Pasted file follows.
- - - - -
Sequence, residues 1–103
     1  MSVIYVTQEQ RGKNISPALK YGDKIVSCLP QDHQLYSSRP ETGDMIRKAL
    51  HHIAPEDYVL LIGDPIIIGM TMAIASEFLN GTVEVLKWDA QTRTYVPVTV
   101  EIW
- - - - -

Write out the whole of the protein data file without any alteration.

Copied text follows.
Sequence, residues 1–103
     1  MSVIYVTQEQ RGKNISPALK YGDKIVSCLP QDHQLYSSRP ETGDMIRKAL
    51  HHIAPEDYVL LIGDPIIIGM TMAIASEFLN GTVEVLKWDA QTRTYVPVTV
   101  EIW